Turkish Honey Tips and Facts to Celebrate World Bee Day in the Ecosystem


Turkish Honey Tips and Facts to Celebrate World Bee Day in  the Ecosystem

This date coincides with the birthday of Slovenian beekeeper Anton Jansa,  considered a pioneer of modern beekeeping techniques. Slovenia is also the country that has asked the United Nations to make this day the  official day for bees and other pollinating insects such as butterflies, bats and hummingbirds, which are extremely important to the global ecosystem but are increasingly threatened by human activities.

Pollination is vital to the survival of our ecosystems, as nearly 90% of the world’s wildflower species, 75% of the world’s food crops, and 35% of the world’s farmland depend on pollinators, increasing their greatest work in the world for  food supply and biodiversity . Unfortunately, climate change and development are threatening their habitats in catastrophic ways, which is why this awareness day is so important.

Lucky Honey from Türkiye
In Türkiye, honey has always been a precious commodity, with a history stretching back thousands of years, as evidenced by bee coins found in ancient  Ephesus and a mention of the product in Homer’s epic, the Iliad ‘Every wandering in the forest or a picturesque view of the pristine hills of nature would, for the Turks, provide sufficient evidence of the popularity of the beekeeping profession from the light boxes of the beehive, and thus the abundance of this liquid gold. In Turkish
, “ballı”, which translates to “with honey” in English, indicates that someone is particularly “lucky”, such as in the case of a lottery winner.

Honey in Turkish Culinary Tradition
Honey is prized for both its role in the kitchen and for its medicinal properties and is certainly a precious commodity here in Turkey that most families have on hand. It is usually a staple of a Turkish breakfast and is often accompanied by butter or, better still, buffalo cream (called kaymak) and spread generously on  freshly baked  bread. Honey is the main ingredient of Türkiye’s most popular ice cream flavor, Ballı
Badem, a delicious blend of crunchy almonds and you guessed it baby. Additionally, it can be used as a sweetener in candies and pastries, and as a syrup to pour over baklava.It is also used to prepare the spicy Ottoman dish Ballı Mahmudiye, named after the Ottoman Sultan Mahmud I himself, which contains honey and dried fruit with chicken.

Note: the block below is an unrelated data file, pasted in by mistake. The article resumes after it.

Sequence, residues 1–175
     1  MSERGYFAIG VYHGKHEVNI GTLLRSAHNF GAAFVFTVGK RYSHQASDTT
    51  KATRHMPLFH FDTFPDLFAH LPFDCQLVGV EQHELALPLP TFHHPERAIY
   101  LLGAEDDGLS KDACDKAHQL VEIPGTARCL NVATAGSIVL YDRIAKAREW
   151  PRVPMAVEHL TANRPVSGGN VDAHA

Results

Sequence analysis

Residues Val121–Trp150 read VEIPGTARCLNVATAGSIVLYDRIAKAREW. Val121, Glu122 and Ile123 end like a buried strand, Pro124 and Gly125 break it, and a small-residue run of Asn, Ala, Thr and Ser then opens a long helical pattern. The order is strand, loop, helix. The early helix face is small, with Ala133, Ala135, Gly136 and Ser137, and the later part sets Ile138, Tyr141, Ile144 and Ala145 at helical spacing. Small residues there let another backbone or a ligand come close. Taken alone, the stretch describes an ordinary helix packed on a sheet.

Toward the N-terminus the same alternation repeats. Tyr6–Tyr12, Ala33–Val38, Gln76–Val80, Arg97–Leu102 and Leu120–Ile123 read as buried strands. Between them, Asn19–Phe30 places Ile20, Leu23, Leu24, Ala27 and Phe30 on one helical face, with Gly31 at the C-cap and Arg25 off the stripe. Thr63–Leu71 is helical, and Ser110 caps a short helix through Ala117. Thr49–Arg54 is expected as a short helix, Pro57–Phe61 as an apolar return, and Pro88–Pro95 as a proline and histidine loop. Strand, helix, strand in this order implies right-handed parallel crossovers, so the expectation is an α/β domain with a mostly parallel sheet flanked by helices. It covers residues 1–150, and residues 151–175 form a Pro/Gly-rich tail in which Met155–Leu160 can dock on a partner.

Türkiye’s honey production
There are no less than 25 geographically patented types of honey in Türkiye, which also has nearly 9 million hives in operation as denoted by the Turkish Statistical Institution (TurkStat) in 2022 and listed on a special honey map of the country prepared by the Ministry of Agriculture and accessible on balharitasi.tarimorman.gov.tr. The average annual amount of honey produced per hive is 12.8 kilograms (around 28 pounds), while Türkiye produces nearly 115,000 tons annually. While Muğla is the province home to the highest number of hives at nearly 1 million, Adana produces the best value per hive, with each hive making 25.6 kilograms on average, followed by Çanakkale province where the average is 24.2 kilograms and Sivas at 18.8 kilograms. Thus, it should come as no surprise that Adana produces the highest amount of honey in the nation.

At 92%, Türkiye produces the highest amount of pine honey in the world, while the most prevalent variation within the nation is undisputedly flower honey, in Turkish “çiçek balı.” Türkiye also produces the most expensive honey in the world as the Guinness World Records established in 2021, naming Centauri honey sold at upwards of $11,000 per kilogram as the world’s most prized honey variety. This medicinal honey is produced in an uninhabited region of the Black Sea coast of Sile and in caves that are at approximately 2,000- 3,000 meters above sea level and only accessible through the efforts of skilled rock climbers, who can typically only extract 10 to 15 kilograms each year.

The most touristic region for honey is Muğla’s Köyçeğiz, a spectacular slice of nature with indigenous liquid amber forests, mountains and creeks that surrounds the Köyçeğiz Lake that feeds into the Dalyan River and Iztuzu Beach of the Aegean Sea. The quaint town of Köyçeğiz makes for an excellent stop to relax at any of the cafes along the lake, visit the bustling and prolific farmers’ market, which is also visitable by boat trips setting out from the expat hub of Dalyan, and to of course peruse the vast selection of honey that happens to be on offer in this region. From lavender to thyme and to citrus and you name it, there are dozens of varieties of monoflower honey that can be purchased in town or in shops housed in nomadic tents set up along the highway.


A word of warning for Türkiye’s “deli bal,” which in English mean “crazy honey,” as found in the Kaçkar Mountains and revered for its medicinal properties. It also contains a neurotoxin that can lead to hallucinations and nausea when consumed in abundance as evidenced by a poor bear who hit the headlines for being found intoxicated after having excessively consumed this type of honey.

Workshops for the kids
Meanwhile, the supermarket chain Migros will be offering 175 different events in honor of World Bee Day that will be held in their family club center, (Aile Kulüplerinde) until May 26. Geared toward children and their families, the events will include workshops, seminars, storytelling and cooking classes all centered around themes involving honey and the precious bee.